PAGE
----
Taiwan will soon become a candidate country to be given visa waiver privileges by the US as most of the necessary procedures have been completed, Taiwanese Representative to the US Jason Yuan (袁健生) said yesterday.
The final step to be fulfilled before Taiwan can be considered for the visa-waiver program (VWP) is to sign an agreement on preventing and combating serious crime, Yuan said.
He added that the procedure, which involves the US Department of Homeland Security and US Department of Justice, would take some time.
Under the agreement, the two countries will exchange fingerprint and other biometric data, as well as personal information on their nationals in real time.
Taiwan has already met requirements for electronic passports and visa refusal rates, he said.
Yuan said that once all the necessary procedures are completed, the US Department of State would be responsible for suggesting that the US Department of Homeland Security nominate Taiwan as a candidate country.
After that, the US authorities would send delegations to Taiwan for further evaluation.
Yuan said he could not predict whether Taiwan would be listed by the end of the year, but he was confident a result would come soon.
On Wednesday, when testifying before a US congressional hearing on the risks and benefits of the program, US Representative Mike Quigley voiced strong support for expanding his country’s VWP to include eligible nations such as Taiwan.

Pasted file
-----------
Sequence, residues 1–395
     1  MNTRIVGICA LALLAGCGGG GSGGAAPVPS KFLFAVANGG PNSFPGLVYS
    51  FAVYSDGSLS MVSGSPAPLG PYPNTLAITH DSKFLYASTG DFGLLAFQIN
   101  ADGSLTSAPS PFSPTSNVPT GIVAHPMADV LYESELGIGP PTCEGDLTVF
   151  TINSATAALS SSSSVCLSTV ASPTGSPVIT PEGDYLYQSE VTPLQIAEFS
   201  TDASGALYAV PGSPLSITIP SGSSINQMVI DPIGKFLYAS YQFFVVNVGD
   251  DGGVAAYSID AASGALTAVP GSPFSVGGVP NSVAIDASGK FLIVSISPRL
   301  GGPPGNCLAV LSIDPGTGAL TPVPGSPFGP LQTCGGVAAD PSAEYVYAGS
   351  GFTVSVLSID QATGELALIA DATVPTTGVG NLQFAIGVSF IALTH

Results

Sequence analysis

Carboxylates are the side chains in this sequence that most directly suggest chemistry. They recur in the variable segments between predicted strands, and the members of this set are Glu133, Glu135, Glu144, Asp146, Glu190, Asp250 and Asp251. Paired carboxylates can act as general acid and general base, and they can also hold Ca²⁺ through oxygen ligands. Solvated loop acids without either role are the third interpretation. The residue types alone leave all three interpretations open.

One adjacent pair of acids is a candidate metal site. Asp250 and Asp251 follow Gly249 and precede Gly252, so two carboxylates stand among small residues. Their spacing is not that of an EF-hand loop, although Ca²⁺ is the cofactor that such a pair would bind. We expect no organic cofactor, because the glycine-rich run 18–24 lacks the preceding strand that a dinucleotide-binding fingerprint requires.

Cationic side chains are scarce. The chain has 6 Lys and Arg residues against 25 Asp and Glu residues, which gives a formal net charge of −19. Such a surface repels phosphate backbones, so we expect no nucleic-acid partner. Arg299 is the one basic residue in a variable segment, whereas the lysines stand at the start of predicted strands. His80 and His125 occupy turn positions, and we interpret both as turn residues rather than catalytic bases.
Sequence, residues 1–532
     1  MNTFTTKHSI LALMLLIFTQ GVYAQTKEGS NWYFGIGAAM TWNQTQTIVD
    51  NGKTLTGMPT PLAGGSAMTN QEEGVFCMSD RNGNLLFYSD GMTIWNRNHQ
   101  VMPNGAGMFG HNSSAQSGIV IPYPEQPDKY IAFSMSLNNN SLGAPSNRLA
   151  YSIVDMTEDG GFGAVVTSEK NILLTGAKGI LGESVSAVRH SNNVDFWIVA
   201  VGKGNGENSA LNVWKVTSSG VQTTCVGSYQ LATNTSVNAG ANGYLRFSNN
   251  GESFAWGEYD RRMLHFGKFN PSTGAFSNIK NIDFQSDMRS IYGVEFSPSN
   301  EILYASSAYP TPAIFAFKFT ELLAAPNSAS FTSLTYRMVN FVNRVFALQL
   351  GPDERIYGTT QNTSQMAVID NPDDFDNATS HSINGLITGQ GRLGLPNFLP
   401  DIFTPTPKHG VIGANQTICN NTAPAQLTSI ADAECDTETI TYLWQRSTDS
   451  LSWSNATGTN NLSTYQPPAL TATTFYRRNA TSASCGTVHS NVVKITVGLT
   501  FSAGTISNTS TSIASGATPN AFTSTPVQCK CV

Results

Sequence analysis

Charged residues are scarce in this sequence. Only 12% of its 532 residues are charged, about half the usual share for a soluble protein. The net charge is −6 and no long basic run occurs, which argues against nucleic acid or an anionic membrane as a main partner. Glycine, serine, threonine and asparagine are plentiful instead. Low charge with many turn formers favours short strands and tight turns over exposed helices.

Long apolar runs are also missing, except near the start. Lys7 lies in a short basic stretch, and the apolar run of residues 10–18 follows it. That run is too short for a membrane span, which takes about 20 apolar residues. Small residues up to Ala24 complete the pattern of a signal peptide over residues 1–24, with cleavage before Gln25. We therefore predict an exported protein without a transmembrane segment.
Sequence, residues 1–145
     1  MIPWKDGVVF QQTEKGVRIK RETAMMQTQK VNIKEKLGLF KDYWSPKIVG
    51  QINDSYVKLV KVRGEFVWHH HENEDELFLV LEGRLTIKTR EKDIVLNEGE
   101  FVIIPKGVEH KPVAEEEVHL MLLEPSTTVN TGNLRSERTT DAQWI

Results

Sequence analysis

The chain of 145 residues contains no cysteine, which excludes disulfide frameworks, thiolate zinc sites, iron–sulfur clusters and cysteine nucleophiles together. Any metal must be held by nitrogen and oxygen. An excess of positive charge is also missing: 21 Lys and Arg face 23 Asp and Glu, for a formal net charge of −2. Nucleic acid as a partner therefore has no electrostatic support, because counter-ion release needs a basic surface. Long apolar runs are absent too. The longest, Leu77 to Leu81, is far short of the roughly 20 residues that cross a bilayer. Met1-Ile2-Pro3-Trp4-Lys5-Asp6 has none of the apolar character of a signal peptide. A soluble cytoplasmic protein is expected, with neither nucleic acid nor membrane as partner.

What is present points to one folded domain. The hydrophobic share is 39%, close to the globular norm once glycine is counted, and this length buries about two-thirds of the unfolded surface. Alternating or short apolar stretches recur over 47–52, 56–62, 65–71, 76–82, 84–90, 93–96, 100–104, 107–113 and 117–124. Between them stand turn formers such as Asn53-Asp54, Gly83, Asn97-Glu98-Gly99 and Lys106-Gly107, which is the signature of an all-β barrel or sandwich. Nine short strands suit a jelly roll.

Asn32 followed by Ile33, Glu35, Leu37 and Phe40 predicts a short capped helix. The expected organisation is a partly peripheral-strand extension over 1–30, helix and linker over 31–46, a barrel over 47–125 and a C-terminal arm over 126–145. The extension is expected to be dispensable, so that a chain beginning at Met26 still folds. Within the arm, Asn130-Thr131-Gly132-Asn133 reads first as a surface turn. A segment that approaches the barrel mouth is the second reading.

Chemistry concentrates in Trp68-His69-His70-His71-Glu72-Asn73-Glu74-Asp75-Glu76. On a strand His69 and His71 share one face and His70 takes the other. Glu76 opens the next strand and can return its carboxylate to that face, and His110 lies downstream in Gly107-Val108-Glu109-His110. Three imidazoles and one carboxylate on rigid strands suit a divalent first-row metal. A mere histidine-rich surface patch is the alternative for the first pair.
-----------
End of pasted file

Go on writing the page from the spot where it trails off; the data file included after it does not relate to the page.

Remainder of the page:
Quigley said “vital nations” such as Poland, Brazil and Taiwan are currently excluded from the program and that the US “needs to keep its doors open for visits from its allies.”
According to Quigley, in addition to improving international relations and stimulating the economy, an expansion of the program would also make the US safer, given that all countries covered by the program must sign information-sharing agreements with the US.
Also at the hearing, David Heyman, assistant secretary for policy at the Department of Homeland Security, said his department “has long supported a carefully managed expansion of the program to select countries that meet the statutory requirements and are willing and able to enter into a close security relationship with the United States.”
Currently, eligible nationals of 36 countries are allowed to travel to the US without a visa and stay in the country for a maximum of 90 days for tourism or business purposes, he said.
Last year, VWP admissions generated approximately US$60 billion in export revenues for the US, he said.
The economic benefits of the VWP can be demonstrated with the example of South Korea, which entered the program in November 2008, he added.